"These kind of flesh-flies shall not suck up or devour their husbands' estates:" married women's separate property rights in England, 1630-1835




Mercier, Courtenay

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During the long eighteenth century, married women in England were subject to the rules of coverture, which denied them a legal identity independent of their husbands and severely curtailed their acquisition, possession and disposition of property. There is a consensus among historians that married women circumvented the restrictions of coverture both in their daily lives and by use of the legal mechanism of the separate estate. This study reviews contemporary legal and social attitudes towards women’s property rights in marriage to examine the extent to which married women had economic agency under coverture. Through a review of reported cases, treatises on the law of property, and a contemporary fictional representation of pin-money, I assess the foundations justifying the law of coverture, and the challenges presented to coverture by the separate estate. I argue that there is a distinction between the theory and practice of the separate estate; the separate estate must be understood as a type of property set aside for a special purpose rather than a type of property separated from a husband’s control. More precisely, the existence of the separate estate generally, and pin-money in particular, did little to advance married women’s economic agency.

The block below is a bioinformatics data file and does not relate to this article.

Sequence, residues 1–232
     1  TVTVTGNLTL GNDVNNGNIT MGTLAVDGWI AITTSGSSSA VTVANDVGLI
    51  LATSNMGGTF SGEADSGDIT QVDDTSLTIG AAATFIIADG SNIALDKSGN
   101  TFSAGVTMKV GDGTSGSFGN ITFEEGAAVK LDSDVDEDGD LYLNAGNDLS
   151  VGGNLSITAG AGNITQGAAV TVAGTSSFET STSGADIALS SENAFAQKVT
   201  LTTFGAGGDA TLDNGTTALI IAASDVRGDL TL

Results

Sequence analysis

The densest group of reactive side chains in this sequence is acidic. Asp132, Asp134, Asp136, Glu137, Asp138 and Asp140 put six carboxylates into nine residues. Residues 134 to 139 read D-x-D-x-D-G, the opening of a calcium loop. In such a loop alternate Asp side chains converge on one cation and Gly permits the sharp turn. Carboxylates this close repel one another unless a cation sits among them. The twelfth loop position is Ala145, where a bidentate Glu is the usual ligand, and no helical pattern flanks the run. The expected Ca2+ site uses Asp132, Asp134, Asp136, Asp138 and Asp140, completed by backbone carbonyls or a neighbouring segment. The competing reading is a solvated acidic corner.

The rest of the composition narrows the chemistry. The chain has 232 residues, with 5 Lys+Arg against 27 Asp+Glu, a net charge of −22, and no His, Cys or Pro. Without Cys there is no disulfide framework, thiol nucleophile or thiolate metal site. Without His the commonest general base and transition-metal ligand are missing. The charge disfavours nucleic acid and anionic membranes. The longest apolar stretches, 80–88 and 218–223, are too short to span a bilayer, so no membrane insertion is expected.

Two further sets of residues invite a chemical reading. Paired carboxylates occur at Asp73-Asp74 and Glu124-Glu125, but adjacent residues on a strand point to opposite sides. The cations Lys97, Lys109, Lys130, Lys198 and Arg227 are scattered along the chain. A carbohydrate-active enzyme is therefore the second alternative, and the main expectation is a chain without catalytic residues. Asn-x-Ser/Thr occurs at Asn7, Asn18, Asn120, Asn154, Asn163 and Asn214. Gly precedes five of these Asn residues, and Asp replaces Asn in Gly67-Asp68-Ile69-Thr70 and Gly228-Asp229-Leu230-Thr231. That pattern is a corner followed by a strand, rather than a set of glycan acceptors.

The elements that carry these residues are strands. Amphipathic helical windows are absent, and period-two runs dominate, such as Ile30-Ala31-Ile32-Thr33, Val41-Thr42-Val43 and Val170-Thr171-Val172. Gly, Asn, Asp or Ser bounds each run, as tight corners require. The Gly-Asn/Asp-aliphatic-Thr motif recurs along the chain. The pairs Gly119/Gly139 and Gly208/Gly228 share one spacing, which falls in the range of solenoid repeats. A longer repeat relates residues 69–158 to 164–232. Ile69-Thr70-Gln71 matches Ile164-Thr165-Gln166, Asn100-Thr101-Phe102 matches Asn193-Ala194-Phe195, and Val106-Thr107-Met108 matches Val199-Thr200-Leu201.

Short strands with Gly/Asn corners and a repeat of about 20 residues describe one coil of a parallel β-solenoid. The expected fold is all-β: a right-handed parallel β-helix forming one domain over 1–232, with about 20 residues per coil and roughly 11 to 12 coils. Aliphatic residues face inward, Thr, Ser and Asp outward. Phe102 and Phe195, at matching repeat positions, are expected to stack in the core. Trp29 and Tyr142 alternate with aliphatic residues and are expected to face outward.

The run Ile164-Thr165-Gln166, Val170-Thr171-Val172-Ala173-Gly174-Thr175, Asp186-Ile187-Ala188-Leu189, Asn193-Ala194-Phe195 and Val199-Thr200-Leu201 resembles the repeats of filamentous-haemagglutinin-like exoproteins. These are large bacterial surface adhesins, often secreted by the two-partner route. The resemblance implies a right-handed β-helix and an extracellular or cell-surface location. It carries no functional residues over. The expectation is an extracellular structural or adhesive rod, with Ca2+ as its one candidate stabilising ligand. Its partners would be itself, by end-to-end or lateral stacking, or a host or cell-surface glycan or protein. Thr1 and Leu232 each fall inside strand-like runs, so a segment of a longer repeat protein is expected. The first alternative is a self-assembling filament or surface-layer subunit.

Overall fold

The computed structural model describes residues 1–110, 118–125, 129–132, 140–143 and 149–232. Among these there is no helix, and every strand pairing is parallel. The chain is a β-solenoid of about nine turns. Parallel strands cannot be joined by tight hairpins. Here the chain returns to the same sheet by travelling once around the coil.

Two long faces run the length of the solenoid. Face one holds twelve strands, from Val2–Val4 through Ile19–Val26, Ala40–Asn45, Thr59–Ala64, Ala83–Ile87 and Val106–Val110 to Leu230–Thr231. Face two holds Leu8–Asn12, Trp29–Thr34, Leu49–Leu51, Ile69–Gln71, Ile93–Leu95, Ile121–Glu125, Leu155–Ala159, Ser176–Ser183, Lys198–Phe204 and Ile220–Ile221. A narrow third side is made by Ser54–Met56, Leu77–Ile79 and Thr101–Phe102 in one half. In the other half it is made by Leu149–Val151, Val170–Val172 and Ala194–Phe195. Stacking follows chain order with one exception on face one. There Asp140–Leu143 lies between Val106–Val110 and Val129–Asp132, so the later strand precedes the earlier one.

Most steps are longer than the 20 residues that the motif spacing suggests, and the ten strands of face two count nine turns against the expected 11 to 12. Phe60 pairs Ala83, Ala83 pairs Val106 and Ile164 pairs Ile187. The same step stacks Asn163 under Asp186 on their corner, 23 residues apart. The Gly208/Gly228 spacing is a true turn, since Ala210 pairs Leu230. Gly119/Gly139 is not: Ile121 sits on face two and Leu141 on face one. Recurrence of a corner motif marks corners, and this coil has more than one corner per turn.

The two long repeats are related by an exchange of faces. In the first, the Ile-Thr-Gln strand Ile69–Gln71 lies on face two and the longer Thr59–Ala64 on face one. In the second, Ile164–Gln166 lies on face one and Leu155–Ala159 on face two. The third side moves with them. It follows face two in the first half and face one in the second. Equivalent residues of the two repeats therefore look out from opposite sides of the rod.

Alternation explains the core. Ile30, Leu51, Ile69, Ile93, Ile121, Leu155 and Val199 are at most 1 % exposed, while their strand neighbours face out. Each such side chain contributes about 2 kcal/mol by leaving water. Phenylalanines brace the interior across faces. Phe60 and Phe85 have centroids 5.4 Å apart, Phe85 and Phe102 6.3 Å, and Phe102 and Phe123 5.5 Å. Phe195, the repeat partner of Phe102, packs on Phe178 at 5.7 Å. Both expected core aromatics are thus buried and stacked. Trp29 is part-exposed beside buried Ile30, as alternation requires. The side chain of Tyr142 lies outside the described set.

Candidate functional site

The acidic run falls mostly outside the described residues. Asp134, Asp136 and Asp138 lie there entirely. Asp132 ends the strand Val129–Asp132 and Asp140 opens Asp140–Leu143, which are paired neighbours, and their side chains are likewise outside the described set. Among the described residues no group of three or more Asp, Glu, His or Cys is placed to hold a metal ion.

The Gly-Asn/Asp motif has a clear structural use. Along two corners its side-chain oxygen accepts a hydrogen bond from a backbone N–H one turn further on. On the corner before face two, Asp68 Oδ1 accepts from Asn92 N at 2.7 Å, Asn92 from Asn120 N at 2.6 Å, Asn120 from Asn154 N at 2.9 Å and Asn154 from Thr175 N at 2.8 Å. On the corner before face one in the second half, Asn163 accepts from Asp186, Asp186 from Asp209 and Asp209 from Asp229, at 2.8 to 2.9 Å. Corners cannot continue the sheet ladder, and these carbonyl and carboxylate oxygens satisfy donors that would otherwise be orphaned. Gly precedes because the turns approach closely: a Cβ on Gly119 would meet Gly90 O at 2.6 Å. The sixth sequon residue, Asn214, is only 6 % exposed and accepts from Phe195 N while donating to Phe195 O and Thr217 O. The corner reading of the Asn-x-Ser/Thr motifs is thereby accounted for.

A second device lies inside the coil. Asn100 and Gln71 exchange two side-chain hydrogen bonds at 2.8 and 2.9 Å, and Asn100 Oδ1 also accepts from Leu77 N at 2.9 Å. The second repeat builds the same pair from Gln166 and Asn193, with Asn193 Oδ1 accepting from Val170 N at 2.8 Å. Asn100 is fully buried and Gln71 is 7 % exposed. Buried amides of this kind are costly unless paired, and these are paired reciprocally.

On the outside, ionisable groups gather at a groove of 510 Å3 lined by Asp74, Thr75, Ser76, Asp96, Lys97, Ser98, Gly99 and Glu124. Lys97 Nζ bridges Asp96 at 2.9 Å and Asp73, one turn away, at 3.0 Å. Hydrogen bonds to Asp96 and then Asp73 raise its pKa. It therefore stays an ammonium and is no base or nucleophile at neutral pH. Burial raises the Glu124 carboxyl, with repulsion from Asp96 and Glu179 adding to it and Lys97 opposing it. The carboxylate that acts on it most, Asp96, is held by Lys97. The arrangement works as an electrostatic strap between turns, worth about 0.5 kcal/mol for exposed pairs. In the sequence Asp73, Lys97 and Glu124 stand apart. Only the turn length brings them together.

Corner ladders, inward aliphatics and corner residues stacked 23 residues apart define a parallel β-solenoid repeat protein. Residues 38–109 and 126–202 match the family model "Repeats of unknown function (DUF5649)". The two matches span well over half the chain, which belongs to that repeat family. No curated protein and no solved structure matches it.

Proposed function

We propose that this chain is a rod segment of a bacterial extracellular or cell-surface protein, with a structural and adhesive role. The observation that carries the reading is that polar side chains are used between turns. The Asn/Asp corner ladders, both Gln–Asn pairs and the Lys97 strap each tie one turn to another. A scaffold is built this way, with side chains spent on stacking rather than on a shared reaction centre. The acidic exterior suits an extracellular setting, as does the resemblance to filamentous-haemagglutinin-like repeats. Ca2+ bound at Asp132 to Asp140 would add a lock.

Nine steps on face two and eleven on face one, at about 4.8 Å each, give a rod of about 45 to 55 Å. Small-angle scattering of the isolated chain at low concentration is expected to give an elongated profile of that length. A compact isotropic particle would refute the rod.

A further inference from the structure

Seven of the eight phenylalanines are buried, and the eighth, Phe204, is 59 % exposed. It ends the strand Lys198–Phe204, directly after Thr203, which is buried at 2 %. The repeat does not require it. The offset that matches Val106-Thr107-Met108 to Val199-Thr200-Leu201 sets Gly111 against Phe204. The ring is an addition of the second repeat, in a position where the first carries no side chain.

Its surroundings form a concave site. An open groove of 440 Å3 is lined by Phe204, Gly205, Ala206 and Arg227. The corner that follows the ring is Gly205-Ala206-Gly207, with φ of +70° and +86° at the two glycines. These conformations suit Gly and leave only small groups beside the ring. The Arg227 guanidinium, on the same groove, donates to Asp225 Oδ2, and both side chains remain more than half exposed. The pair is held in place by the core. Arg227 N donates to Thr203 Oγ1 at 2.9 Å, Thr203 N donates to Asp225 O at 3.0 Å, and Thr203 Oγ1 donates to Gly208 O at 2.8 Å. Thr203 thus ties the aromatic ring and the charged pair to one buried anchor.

legal history, women's history, marriage, matrimonial law, coverture, social history, feme covert, courts of equity, gender, property law, marital property, property rights, pin money, separate estate, economic agency, long eighteenth century